Sending soybean plants into the future to study their response to climate change. This is the basic idea behind Andrew Leakey’s experiment. “If you look at the literature from the past 30 years, the conclusion is almost always the same: The rise in CO2 will improve soybean yields.” The American researcher wants to determine whether this is true in practice in a so-called FACE facility. “FACE” stands for Free Air CO2 Enrichment. With this method, gas is released from nozzles which react to changes in wind speed and direction. This makes it possible to simulate atmospheric conditions likely in 2050 on test plots.
In the first four rainy years of the experiment, CO2 did actually boost production. In the following dry year, however, the fertilisation effect became a double-edged sword. “More carbon dioxide in early growth stages, when water is available, means more photosynthesis. When it gets drier later, however, more water is needed because of the larger leaf surface.” And this in turn led to a drop in yields. The findings suggest that yield declines in the American Midwest could take place early on.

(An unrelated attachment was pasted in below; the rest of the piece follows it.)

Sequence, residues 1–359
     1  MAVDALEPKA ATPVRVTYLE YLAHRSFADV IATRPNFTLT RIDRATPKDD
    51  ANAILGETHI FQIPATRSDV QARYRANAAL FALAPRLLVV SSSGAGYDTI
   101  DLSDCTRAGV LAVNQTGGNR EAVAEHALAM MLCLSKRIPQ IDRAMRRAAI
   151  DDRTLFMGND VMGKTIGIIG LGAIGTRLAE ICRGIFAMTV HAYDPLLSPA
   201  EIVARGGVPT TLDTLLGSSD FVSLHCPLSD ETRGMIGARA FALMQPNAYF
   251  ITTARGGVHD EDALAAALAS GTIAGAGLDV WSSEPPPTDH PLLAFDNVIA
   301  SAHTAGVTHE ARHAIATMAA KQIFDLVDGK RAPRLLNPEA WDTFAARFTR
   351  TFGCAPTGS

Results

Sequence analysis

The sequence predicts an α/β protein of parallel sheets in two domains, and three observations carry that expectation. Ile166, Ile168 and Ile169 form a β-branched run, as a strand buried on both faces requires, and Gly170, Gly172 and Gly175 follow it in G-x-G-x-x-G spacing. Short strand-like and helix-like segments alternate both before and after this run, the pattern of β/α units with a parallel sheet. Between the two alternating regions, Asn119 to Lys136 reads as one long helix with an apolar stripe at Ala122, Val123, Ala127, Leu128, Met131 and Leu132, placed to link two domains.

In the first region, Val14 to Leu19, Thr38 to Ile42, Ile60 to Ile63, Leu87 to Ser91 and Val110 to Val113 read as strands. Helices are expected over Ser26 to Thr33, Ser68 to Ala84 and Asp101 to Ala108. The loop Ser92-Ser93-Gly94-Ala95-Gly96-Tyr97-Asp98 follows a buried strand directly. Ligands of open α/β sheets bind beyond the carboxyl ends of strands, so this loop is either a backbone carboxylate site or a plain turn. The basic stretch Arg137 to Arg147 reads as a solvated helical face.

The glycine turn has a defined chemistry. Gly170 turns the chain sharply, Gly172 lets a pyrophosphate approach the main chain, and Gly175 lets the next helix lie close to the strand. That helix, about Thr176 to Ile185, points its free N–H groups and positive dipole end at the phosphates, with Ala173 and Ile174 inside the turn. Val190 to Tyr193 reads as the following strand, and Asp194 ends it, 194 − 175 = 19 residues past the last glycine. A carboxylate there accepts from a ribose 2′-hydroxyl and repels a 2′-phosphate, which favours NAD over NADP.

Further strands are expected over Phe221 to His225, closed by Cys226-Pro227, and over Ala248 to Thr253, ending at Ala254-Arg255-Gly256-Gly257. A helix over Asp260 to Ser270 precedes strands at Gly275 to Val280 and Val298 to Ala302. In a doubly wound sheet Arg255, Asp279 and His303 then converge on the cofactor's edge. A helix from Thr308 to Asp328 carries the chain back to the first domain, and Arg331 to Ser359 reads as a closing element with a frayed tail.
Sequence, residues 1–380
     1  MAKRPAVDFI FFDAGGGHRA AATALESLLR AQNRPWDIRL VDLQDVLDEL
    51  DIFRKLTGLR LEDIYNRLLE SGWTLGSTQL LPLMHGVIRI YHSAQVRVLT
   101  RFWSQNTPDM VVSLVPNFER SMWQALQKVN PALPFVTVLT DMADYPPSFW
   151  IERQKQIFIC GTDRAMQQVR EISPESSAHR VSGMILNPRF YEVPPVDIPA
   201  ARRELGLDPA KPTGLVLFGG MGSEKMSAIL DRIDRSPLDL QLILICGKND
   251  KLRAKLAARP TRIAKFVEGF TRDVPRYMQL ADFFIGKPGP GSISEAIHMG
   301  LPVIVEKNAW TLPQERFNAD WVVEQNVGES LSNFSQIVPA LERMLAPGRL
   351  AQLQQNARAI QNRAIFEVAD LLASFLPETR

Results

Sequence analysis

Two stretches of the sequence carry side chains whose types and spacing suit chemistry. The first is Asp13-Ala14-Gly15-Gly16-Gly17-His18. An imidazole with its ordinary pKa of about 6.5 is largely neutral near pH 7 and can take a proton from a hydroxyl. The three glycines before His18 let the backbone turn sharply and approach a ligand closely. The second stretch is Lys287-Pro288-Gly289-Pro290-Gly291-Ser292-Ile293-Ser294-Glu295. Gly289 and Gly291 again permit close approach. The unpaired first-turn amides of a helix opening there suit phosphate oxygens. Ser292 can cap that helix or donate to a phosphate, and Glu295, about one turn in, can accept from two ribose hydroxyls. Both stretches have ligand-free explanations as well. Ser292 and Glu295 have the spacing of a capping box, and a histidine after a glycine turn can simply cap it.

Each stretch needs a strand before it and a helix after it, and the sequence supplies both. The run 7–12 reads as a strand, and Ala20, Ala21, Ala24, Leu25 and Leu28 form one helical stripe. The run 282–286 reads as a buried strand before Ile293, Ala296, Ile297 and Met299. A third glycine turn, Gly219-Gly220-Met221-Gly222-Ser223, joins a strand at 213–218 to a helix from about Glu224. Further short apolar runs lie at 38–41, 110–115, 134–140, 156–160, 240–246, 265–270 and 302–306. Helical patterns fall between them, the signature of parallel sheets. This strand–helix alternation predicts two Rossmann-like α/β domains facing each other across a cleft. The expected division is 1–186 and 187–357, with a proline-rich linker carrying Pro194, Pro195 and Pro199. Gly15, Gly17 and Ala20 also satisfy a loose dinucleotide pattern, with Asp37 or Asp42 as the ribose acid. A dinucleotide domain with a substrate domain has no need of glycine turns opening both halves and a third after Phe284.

If you look at the literature from the past 30 years, the conclusion is almost always the same: The rise in CO2 will improve soybean yields.
At the end of 2018, a study summarised the results of the 32 FACE facilities worldwide. While yields drop the closer you are to the equator, in northern latitudes soybeans, maize or wheat could benefit from the rise in CO2. “In some areas of Great Britain, for example, improvements in yields are likely to occur.”
However, in regions badly affected by climate change these negative effects may be mitigated. “On the positive side we now know the reaction mechanisms of soybeans,” says Mr Leakey. The experiment will continue, since more data is urgently needed. Farmers and agronomists need to better understand such mechanisms in order to develop varieties or cultivation practices that counteract the expected decline in yield. There is a lot at stake for American soybean farmers, Mr Leakey recalls: “One third of the world’s supply of soybeans is produced here in the Midwest.”